In general, given a precedence graph and given m processors, it becomes important to determine which tasks should be executed on each processor and in which order. If we only are interested in the question of which task is allocated to which processor [usually so that the processors are fairly equally loaded], we talk of Load Balancing. If we are interested in exactly which task runs where and in which order [usually so that the completion of all the tasks happens as early as possible], we talk of Scheduling.

There is a fairly simple way of scheduling (called list scheduling) a precedence graph assuming that all processors are alike. We assign "priorities" to the nodes (i.e. tasks). Then when a processor becomes free, we allocate to it the task with highest priority among the unallocated tasks all of whose predecessors have already terminated. We often use as "priority" of a task its optimal completion time [for each path starting at this node we compute its execution time as the sum of the times of the tasks on the path; we then take the maximum of these values for all the paths starting at this node. Note that this is the time of the critical path starting at this node.]. Note that this algorithm, though often good, does not guaranty optimality. For example in the following precedence graph.

If we have two processors P1 and P2 the algorithm would result in the schedule (Gantt chart)

        1 2 3 4 5 6 7 8 9 0 1 2 3 4
  P1  |A|F|F|F|F|F|F|B|B|B|C|C|E|E|
  P2  | |G|G|G|G|G|G| | | |D|D| | |
with the last completion at time 14. We can do better with the schedule
        1 2 3 4 5 6 7 8 9 0 1 2 3 4
  P1  |A|F|F|F|F|F|F|C|C|D|D| | | |
  P2  | |B|B|B|G|G|G|G|G|G|E|E| | |
with the last completion at time 12.

Of course, list scheduling might have worked if we had given different priorities to the nodes. For example, if we use as priority of a node the sum of the execution times of the node and all its successors, [Thus C, D, and E have priority 2. B has priority 9, F and G have priority 6, and A has priority 22.] the schedule we obtain using List Scheduling is optimal.

List scheduling can be described by the algorithm:

    Given a precedence graph and a set of machines:
	Initialize agenda to empty;
	Set all machines to free;
	do {
	   Place all nodes that have no predecessors (and are not already 
                in agenda or executing on a machine) into the agenda;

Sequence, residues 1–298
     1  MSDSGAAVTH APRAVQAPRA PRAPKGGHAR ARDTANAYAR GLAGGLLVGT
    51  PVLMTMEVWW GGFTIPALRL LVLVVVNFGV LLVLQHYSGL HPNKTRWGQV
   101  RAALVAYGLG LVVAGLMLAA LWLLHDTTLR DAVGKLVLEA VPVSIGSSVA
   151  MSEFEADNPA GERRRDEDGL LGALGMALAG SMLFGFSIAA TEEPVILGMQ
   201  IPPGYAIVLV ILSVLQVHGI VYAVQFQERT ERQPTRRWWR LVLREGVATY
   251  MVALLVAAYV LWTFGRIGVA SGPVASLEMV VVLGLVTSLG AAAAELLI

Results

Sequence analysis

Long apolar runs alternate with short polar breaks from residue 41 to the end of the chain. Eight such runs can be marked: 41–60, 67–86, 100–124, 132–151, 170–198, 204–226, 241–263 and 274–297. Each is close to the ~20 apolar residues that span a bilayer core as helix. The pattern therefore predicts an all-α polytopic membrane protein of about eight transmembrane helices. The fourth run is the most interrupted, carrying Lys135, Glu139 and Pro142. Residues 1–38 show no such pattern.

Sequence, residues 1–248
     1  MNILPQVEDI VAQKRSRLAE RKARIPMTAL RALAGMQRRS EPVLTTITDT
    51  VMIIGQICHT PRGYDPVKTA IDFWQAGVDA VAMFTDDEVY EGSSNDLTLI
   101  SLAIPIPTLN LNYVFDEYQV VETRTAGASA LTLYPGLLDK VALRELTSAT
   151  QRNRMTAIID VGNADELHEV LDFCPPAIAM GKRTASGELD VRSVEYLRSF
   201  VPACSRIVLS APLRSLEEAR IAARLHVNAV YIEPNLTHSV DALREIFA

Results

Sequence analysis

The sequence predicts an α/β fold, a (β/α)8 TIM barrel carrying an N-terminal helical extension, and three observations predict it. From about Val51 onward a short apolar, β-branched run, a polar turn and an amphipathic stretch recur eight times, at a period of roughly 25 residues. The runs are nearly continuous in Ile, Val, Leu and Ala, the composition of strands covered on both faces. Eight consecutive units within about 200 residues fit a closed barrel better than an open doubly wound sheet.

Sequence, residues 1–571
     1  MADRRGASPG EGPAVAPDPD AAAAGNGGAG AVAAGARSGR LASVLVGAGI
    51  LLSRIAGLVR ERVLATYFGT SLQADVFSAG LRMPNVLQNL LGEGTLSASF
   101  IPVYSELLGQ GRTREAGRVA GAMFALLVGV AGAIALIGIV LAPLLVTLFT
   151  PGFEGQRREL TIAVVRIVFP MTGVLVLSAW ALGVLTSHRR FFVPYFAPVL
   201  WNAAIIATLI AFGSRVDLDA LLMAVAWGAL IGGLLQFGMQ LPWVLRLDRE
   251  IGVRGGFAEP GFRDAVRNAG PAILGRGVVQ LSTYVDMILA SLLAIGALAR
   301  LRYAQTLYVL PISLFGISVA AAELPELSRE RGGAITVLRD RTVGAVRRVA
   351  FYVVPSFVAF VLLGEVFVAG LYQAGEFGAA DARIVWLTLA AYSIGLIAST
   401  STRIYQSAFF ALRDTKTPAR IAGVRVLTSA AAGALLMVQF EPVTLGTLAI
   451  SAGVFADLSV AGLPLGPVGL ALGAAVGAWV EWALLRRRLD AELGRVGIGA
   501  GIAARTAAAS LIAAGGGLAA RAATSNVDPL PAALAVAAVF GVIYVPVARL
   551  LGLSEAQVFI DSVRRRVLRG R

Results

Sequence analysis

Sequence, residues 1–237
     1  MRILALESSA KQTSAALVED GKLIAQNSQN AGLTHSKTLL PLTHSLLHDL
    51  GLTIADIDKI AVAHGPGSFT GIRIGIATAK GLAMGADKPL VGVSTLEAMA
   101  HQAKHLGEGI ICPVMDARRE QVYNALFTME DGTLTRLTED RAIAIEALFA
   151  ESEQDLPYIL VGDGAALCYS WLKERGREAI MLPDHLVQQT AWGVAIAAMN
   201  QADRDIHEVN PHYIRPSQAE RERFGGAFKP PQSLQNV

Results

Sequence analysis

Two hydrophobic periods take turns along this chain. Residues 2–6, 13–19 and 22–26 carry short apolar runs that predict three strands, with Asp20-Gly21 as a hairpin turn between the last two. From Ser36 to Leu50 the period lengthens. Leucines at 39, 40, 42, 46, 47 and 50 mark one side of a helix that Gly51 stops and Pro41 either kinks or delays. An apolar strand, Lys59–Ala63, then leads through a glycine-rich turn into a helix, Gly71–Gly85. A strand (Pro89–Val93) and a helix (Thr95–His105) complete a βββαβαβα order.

While (the agenda contains nodes and a machine is free)
                Remove a node from agenda, and allocate it to a free machine;
	   When (a machine becomes free) //we receive a signal, or an interrupt
                Remove from precedence graph the node just executed;
	} until (agenda is empty and all machines are free);

The list scheduling algorithm we have seen is an example of an algorithm that requires knowledge about all the machines and activities and that decides in a centralized fashion what to do at all machines. This does not work well in a distributed environment. Often better is to have a way of distributing processes to machines so as to have approximately similar load everywhere - Load Balancing, and then a way to schedule processes at each individual machine.

Notice that the precedence graphs are acyclic, that is, they do not have loops. Thus they cannot represent cyclic computations. Since many of the computations in operating systems are cyclical [for example: wait for some event, respond to it, and then go back to waiting], this is a strong restriction. There are two ways out. One, represent each iteration as an acyclic graph; you will lose possible concurrency across two successive iterations, but you will be able to deal fully with concurrency within a single iteration. Two, give up on precedence graphs and use instead Petri Nets (Petri Nets are beyond the scope of our course). [Another possibility: if you know the number of iterations of the loop, and this number is small, you can unfold the loop into the sequence of iterations, without looping.]